Be A Better Boss
How would you like to have a more productive team? What if you could reduce absenteeism, employee errors and employee turnover? It might sound pretty pie-in-the-sky, but it’s actually attainable if you’re willing to put in the effort. It’s a simple plan, doesn’t cost a thing except time and is expeditious to implement. What could this magic plan be? The only thing you have to do to achieve all of these benefits is to be a better boss.
The days of ruling with an iron fist are long gone. If you believe the best way to manage employees is by fear and intimidation, you’ll be setting yourself up for constant employee turnover. You’ll also have a smaller and smaller hiring pool of potential employees once the word on the street is that you are a terrible boss to work for. With all the good managers out there, why would anyone waste their time being constantly stressed out by you?
In their book Mind Tools for Managers: 100 Ways to Be a Better Boss, James Manktelow and Julian Birkinshaw explain, “A more universal characteristic of effective leaders is that they are authentic: They bring a human touch to their work, they play to their strengths, and they are highly self-aware. To make the same point in reverse, we can all spot a boss who is faking it — someone who is trying to be the larger-than-life, charismatic leader that they have read about in business magazines. These types of people are a turn-off, not just because they seem phony but also because they are unpredictable and hard to read, which makes our jobs more difficult.”
What you need to do is take a good, long look in the mirror. Be honest with yourself and list each of the behaviors you currently have that are nonproductive. Schedule some time to meet with some of your colleagues, your boss and maybe even some friends or family members who are aware of your tendencies. The only way to change behaviors is to acknowledge that they exist.
A large amount of employee satisfaction relates to their interaction with their immediate supervisor. With that in mind, it’s important to think about things in a way you may not be used to. The article “The Boss Factor: Making the World a Better Place through Workplace Relationships” in the McKinsey Quarterly suggests, “In many ways, there is only one question any manager need ask: How do I make my team members’ lives easier — physically, cognitively, and emotionally? Research shows that this ‘servant leader’ mentality and disposition enhances both team performance and satisfaction. Moreover, studies also suggest that managers themselves are happier and find their roles more meaningful when they feel they are helping other people.”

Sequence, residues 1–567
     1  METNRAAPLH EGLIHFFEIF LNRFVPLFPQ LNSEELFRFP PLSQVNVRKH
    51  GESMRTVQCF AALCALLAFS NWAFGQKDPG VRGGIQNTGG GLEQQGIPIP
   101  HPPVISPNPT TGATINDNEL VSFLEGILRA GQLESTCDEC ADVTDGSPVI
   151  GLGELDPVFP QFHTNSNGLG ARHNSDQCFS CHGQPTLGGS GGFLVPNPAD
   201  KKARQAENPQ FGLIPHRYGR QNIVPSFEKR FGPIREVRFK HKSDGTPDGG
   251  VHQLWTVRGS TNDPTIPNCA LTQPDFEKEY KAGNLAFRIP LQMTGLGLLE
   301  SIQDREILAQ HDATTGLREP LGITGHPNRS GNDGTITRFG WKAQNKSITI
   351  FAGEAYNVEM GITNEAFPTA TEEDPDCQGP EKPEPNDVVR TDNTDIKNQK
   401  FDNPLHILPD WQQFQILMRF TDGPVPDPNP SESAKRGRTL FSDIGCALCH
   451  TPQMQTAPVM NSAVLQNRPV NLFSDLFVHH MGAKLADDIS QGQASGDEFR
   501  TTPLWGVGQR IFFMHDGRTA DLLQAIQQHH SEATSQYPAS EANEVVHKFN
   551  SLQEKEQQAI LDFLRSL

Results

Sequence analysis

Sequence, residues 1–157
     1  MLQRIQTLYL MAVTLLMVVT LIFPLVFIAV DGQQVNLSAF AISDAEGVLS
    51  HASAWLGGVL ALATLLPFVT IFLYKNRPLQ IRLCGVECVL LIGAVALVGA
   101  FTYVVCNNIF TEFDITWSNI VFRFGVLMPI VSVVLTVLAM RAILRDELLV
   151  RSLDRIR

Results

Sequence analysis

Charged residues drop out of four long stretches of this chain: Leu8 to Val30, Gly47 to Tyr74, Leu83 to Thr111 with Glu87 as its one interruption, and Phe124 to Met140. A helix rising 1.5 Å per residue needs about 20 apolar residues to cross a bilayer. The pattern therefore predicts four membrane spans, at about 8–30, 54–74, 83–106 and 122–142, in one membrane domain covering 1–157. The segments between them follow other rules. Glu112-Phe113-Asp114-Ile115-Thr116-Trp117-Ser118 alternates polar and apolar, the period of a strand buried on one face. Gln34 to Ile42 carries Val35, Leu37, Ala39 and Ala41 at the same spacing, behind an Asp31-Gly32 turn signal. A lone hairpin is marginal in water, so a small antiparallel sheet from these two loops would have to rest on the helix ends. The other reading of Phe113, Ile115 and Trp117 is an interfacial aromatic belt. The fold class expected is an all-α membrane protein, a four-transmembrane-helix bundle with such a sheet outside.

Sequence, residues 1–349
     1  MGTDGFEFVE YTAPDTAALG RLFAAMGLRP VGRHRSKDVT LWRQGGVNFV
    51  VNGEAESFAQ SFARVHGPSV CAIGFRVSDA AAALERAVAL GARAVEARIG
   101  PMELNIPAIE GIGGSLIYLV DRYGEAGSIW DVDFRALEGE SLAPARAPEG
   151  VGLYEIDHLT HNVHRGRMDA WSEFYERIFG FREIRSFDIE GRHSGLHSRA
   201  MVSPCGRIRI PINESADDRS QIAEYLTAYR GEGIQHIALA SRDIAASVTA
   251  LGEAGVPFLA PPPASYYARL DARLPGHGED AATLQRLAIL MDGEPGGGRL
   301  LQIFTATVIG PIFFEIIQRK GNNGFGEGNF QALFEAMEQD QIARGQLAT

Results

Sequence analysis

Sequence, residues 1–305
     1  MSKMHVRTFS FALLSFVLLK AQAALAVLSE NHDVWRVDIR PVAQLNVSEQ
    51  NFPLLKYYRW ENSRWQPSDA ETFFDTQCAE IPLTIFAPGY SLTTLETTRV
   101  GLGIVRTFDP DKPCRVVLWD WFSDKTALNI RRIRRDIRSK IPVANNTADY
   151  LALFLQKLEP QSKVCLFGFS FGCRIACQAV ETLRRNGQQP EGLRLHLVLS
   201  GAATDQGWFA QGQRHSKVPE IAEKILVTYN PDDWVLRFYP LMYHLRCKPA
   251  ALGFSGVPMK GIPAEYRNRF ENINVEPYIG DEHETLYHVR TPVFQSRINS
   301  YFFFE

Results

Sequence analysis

If you were promoted largely because you were a high-performing employee with exceptional technical skills and a personal drive to get ahead, you are among good company — many employees are promoted for those very reasons. However, if no one has ever taken the time to mentor you and teach you the people skills necessary for managing employees, you may be at a disadvantage.
If you now have a boss who exhibits those qualities, seek advice. Make a plan to grow the new skills necessary to again become a high performer in your new position. Some managers would rather dictate than lead. In your work life, you’ve probably experienced at least one boss with that mindset, and you know how unmotivating that is. If you lead and inspire people, they will follow you.
I worked with one executive who thought once he was promoted, all he had to do was bark orders and then sit in his office, door shut, checking email, focusing on his to-do list and only reappear when it was time to bark more orders. I had to coach him to recognize how important respectful human interaction was. Eventually, he became comfortable having meetings, asking employees questions and actively listening to their answers. He learned to support a team so they would work together to realize success on their projects instead of having every person out for themselves.
Praising associates when they do something right is worth much more than criticizing them when they do any little thing wrong. After enough criticism, all you’ll end up with is an employee who is shut down and will only do the minimum to get by. Making your team feel useful and appreciated is a sure way to form a cohesive unit.
Involve your team in the problem-solving process. After all, they perform the tasks every day. They will have insights into the flaws in the process that you didn’t know existed. Once they learn to troubleshoot more problems themselves, the more you’ll be freed up to get your other tasks done.
Realize that their failures are part of the growing process. When that happens, don’t get angry — help them fix the problem and then move on. They’ll acquire the confidence to take on more challenges without fear of your reprisals.
Understand that each one of your employees is an actual human being. People have lives outside of work. They have challenges, triumphs and tragedies just like you do. It’s an oldie, but a goodie — treat them the way you would like to be treated when it comes time to take into account the problem they’re having might not have anything to do with their work. If you have a high performer who’s suddenly having problems, ask what is going on and what you can do to help. A simple display of humanity never hurts.